Of course, the history of capitalism does demonstrate a ceaseless

[7] It is easy to appreciate the serious and solid nature of a theory which, having removed all those attributes of the working class which make it a potential ruling class, continues to talk about it as a ruling class.

evolution of the real relation in which the different fractions of the bourgeoisie stand to the State power of their class. There is an evolution with respect to the recruitment of the personnel which, through the State apparatus, guarantees this power in practice. There is -- which is far more important -- an evolution with respect to the manner in which the policies practised by the State favour the interests of this or that fraction of the bourgeoisie. But this absolutely does not mean that State power ceases to be the State power of the whole bourgeoisie, as a class, becoming in some sense the private property of a particular fraction of the bourgeoisie. This would in fact be a contradiction in terms and would inevitably lead in practice to the collapse of State power (which may happen in a revolutionary situation, provided that the proletariat and its allies know how to exploit it). State power is necessarily 'monopolized' by those who historically hold it, but it can only be monopolized by a social class.

    In fact, in each epoch of the history of capitalism, there is always a profound political inequality between the fractions of the ruling class, even when this is expressed in compromises and unstable working arrangements. There is always a fraction which must, in order to maintain the State power of the ruling class, play in practice a role, a 'vanguard role', turning the State apparatus to its own profit, a fraction whose hegemony is the condition of the domination of the ruling class as a whole. The reason -- and this brings us to the essential point -- is that State power has no historical autonomy : it does not constitute its own source. It results in the last analysis from class rule in the field of material production, from the appropriation of the means of production and of exploitation. That is why, in the imperialist epoch, monopoly capital is dominant in the State, and transforms the instruments of the State's 'economic policy' in order to reinforce this dominant position. But it remains dominant just because, by force and material constraint, it asserts itself as the representative of the class interests of the whole bourgeoisie.

    A very important consequence with respect to the proletarian revolution and the dictatorship of the proletariat is that the bourgeoisie as a class is not a homogeneous whole; it is criss-crossed -- today more than ever -- by a multitude of contradictory interests, certain of them very deep-rooted, which set the big monopoly bourgeoisie against the middle capitalist bourgeoisie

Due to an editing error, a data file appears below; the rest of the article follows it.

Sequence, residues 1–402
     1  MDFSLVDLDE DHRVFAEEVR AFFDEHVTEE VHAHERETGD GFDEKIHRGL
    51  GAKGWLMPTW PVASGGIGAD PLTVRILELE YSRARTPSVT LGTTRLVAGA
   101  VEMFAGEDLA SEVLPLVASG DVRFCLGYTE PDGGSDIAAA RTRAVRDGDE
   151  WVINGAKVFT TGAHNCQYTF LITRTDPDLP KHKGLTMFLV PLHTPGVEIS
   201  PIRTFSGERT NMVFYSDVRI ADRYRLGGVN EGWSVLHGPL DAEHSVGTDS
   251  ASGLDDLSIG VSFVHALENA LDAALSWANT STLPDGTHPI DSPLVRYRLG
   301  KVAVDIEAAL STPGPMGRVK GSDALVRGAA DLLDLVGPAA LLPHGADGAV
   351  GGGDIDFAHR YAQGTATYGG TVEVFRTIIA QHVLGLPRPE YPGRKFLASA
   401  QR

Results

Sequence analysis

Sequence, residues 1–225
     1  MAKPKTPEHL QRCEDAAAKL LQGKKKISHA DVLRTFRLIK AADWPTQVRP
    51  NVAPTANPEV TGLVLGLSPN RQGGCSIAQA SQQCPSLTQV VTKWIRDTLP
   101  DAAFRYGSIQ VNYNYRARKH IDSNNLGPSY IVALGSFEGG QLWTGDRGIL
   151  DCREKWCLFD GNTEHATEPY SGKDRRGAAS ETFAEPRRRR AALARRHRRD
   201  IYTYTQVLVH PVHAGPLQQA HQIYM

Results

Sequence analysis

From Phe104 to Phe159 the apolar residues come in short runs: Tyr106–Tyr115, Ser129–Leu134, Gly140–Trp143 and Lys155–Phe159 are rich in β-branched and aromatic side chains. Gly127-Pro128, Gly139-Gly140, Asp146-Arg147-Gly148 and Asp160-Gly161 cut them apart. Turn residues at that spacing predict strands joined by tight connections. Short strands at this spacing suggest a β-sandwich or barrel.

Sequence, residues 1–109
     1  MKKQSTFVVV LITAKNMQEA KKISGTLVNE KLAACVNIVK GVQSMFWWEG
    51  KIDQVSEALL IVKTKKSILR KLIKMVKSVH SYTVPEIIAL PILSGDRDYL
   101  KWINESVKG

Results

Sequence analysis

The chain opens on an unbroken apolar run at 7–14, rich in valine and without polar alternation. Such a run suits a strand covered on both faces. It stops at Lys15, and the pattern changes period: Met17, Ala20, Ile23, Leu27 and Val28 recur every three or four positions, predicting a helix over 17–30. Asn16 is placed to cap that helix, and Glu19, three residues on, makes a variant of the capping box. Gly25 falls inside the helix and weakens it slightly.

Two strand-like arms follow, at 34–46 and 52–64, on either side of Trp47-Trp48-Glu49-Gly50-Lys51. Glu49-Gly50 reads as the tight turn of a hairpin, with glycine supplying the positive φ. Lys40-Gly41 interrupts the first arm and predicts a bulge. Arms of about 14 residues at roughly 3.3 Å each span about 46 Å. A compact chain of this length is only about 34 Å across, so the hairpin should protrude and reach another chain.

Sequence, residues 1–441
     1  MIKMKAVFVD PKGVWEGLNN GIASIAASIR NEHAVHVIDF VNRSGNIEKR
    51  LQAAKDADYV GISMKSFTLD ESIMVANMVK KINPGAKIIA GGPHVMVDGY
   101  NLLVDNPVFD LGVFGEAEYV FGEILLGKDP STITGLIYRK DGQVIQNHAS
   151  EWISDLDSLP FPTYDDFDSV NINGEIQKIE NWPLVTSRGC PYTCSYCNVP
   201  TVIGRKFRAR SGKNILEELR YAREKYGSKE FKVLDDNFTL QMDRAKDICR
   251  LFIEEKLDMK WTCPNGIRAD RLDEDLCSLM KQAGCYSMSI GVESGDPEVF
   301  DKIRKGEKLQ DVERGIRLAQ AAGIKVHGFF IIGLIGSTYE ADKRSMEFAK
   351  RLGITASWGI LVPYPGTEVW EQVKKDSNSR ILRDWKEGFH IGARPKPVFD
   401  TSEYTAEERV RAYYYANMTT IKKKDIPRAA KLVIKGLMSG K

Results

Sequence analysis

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and the productive or intellectual petty-bourgeoisie of proprietors or salaried employees. It is just the fact that the bourgeoisie holds State power which enables it to overcome these contradictions, obliging the middle and petty-bourgeoisie to accept the hegemony of great finance and industrial capital. As long as the bourgeoisie as a class holds State power, it is very difficult or even impossible to produce lasting divisions within the bourgeoisie, definitively to isolate the big bourgeoisie and to weld together the petty bourgeoisie and proletariat into a revolutionary unity. In any case, it is obviously not sufficient for this purpose to change the government, without touching the structure of the State: historical experience shows that every government, whether it likes it or not, is always subject to the relation of class forces; it does not stand above the State apparatus of which it is a part, but in a subordinate relation to that apparatus. 'The apparatus of State power', as Lenin sometimes put it, is not external to the unity of struggle of the ruling class, and this is all the more true the more centralized and authoritarian its character. Though apparently, in everyone's clear view, standing at the 'summit' of the State hierarchy, a government depends for its power on this apparatus; it is powerless against it, its 'authority' is empty. The fact that the government is taken over by representatives of the working people may constitute an important moment in the political struggle, but it does not mean that the proletariat together with the rest of the exploited people holds power. Those Frenchmen who have lived through the Popular Front government of 1936 and the Liberation will in this connexion recall not only the victories of these periods but also what we must accept (in order to draw the objective lessons) as a fact: that they were, for the time being, defeated, for they were unable to move forward from a popular government acting in favour of the working people, and in support of its demands, to the revolutionary seizure of State power. And if we look for a moment at the history of other countries, the examples of Chile with its Popular Unity alliance and Portugal with its Armed Forces Movement are more recent reminders, among others, of the existence of this critical threshold, below which all the victories won by the masses in struggle, however many and however heroic these victories may be, can always be reversed, and worse. But this is also the lesson of the Russian Revolution.